May 2012: The European Commission has published its first report on the application of the AVMS Directive. In its report, the Commission comments upon the transpositions of the Member States with respect to the different rules of the Directive. It also announces that the Commission’s interpretative communication on advertising of 2004 will be up-dated in 2013 to take into account new advertising techniques (like product placement) and the content analysis of the qualitative advertising rules (for example alcohol advertising). In addition, the Commission places emphasis on convergence and will launch a consultation process on Connected TV. The report and a background document are available here.





May 2012: An English translation of the Luxembourgish Law on Freedom of Expression in the Media in a consolidated version is now available under the section "Texts" of this webpage (see here).





March 2012: New legislation on audiovisual media services has been adopted in the Basque Autonomous Community implementing the Spanish New General Law of Audiovisual Communications (see here for the original legal act). More information is available here





January 2012: The national execution measures of Slovenia are now available in Slovenian and English. A synopsis of the Slovenian act with the AVMSD has also been prepared and is available here.





January 2012: The first IRIS Newsletter of 2012 contains two articles written by Associate Prof. Mark Cole concerning the transposition in Luxembourg of the European legislative framework for electronic communications services and networks. The two articles examine the implementation into Luxembourg law of Directive 2009/136/EC (see here) and Directive 2009/140/EC respectively (see here).





January 2012: The IRIS Special entitled "The Regulation of On-demand Audiovisual Media Services, Chaos or Coherence?" was published in mid-December 2011 by the European Audiovisual Observatory (see press release). The IRIS Special is also available in French ("La réglementation des services audiovisuels à la demande: chaos ou cohérence?") and German ("Die Regulierung audiovisueller Abrufdienste: Chaos oder Kohärenz?").
Associate Prof. Mark Cole has contributed to this book by an article on "The European Legal Framework for On-demand Services: What Directive for which Services?". Apart from the analysis of the legal nature of on-demand audiovisual media services, this IRIS Special provides case studies of Italy, Germany and the Netherlands as well as different perspectives from consumers, the industry and policy-makers. For more details on its content and on how to order, see here.






News of 2011





November 2011: On November 24th, the Court of Justice decided on the infringement procedure against Spain concerning the latter's advertising rules in case C-281/09. The Court finds, in line with the Advocate General's opinion that Spain had failed to fulfill its obligations under European Union law. It stresses that all types of advertising broadcast during programmes, whatever their formal nomination, are covered by the TWFD (AVMSD) and Spain is required to implement the hourly advertising limit in respect of these forms of advertising.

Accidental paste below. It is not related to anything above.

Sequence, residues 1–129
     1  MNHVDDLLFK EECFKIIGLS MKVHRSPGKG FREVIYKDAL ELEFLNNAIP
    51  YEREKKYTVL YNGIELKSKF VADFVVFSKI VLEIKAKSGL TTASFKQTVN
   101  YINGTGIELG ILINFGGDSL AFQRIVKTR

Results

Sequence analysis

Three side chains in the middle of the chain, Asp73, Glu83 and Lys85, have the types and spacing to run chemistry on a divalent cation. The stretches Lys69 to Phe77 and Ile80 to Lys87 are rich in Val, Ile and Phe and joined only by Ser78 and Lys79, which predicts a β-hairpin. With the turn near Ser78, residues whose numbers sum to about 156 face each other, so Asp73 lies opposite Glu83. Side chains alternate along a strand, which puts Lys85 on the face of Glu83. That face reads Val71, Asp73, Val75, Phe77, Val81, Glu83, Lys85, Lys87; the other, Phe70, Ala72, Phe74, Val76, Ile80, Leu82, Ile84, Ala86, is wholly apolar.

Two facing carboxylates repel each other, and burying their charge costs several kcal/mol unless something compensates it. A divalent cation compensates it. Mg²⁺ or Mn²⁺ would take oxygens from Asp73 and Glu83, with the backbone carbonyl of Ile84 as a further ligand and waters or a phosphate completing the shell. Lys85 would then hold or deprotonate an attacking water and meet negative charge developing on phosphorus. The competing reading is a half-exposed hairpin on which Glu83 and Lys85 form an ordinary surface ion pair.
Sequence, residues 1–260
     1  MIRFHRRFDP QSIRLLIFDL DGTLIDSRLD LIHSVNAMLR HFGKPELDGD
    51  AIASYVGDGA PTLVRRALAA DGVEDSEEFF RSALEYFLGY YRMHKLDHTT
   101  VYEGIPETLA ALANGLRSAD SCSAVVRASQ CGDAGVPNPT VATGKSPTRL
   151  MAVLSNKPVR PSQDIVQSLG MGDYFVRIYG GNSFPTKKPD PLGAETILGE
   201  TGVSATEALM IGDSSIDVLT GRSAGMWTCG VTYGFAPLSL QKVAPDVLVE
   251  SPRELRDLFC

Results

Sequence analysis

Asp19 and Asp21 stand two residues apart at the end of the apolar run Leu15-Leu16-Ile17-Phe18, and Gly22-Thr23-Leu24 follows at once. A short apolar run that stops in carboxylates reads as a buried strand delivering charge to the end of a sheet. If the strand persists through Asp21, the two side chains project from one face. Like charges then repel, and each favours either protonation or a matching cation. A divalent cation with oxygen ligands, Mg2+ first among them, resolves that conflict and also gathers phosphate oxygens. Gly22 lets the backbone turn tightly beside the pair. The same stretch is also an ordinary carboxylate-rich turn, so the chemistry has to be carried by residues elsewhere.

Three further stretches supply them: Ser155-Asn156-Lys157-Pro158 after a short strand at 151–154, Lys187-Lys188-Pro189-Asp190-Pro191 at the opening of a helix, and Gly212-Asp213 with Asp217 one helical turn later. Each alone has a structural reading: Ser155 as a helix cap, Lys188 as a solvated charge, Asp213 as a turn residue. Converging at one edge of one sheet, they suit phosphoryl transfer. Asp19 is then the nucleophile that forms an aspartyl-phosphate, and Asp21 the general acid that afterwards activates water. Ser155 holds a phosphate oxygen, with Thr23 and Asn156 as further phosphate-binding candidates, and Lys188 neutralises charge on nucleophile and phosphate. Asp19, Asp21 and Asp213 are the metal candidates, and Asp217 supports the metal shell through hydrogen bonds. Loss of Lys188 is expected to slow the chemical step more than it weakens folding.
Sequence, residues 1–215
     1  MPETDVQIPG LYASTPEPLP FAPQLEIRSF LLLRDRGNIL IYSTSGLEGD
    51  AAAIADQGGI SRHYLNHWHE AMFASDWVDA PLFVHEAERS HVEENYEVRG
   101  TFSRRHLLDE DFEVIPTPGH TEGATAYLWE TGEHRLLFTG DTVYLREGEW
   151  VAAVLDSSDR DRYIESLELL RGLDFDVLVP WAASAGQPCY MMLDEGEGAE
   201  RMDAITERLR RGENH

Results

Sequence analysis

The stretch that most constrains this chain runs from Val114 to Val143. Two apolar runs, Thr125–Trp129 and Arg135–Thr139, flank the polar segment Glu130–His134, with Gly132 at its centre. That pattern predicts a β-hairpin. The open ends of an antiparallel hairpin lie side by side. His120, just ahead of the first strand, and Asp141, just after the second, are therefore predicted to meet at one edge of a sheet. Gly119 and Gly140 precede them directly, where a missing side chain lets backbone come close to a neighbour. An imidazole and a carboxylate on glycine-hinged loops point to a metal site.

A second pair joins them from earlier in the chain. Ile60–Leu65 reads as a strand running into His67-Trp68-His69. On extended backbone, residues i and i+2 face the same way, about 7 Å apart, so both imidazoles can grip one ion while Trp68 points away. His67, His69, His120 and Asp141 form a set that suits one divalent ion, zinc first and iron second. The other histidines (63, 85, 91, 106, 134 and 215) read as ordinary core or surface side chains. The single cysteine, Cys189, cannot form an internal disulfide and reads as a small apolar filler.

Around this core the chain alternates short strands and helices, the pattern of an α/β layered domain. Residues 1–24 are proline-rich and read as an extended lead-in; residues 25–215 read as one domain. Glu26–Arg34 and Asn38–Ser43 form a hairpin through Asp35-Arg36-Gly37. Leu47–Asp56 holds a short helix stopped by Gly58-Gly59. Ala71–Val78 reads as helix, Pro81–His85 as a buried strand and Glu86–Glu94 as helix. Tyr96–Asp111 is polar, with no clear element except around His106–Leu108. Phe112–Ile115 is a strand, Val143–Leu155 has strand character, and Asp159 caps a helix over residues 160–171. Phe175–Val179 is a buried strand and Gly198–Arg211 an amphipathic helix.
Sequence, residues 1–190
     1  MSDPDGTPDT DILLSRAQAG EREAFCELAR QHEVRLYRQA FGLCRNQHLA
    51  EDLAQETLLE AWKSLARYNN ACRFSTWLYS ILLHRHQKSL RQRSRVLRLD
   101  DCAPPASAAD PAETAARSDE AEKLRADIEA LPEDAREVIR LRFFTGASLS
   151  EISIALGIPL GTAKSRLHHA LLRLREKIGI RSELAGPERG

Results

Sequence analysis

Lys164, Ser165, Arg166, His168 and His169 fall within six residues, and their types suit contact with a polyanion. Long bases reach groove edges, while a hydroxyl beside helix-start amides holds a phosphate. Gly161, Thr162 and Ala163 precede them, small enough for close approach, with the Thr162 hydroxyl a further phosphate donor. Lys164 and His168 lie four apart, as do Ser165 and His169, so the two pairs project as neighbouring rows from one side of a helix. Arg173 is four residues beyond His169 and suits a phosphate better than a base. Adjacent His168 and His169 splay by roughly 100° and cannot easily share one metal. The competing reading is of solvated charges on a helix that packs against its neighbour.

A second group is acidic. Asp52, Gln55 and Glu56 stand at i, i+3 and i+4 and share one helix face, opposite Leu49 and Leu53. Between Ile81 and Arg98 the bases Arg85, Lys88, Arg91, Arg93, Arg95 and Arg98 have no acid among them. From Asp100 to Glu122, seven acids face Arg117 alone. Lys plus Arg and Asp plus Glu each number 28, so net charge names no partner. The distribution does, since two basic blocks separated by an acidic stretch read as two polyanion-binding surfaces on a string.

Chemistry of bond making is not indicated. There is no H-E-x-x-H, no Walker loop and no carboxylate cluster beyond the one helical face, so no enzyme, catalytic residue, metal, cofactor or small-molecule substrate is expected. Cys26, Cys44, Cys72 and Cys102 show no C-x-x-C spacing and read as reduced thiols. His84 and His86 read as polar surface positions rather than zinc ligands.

November 2011: Slovenia transposed the AVMS Directive in mid-November 2011. On November 17th, the Slovenia legal act entered into force. For a copy of the legal act in Slovenian see here. A translation of the Slovenian implementing law will soon be available under the section "National execution measures" of this website.





October 2011: At the beginning of October, the Court of Justice handed down its ruling in joined cases C-403, 429/08 Football Association Premier League Ltd. a.o. v QC Leisure a.o. and Karen Murphy v Media Protection Services. The decision concerns the exclusive marketing of the matches of the British Premiere League on a territorial basis by the Football Association. The broadcasters contracting with its Football Association undertake to encrypt their signal. The consumer, after having paid for the service receives access to the matches of the Premier Leage by means of so-called decoder cards. The dispute at issue results from attempts by some British pubs to circumvent the exclusivity by purchasing foreign decoders which are available at lower prices. The Football Association submits that the exclusivity of its content and its intellectual property rights are undermined by such practices. The Court points out (in line with the opinion of AG Kokott of February 2011, see press release) that the national measures prohibiting the purchase and use of foreign decoders are contrary to the freedom to provide services and therefore incompatible with the internal market. In addition, such measures are also considered an illegal agreement under Art. 101 TFEU. See also the press release.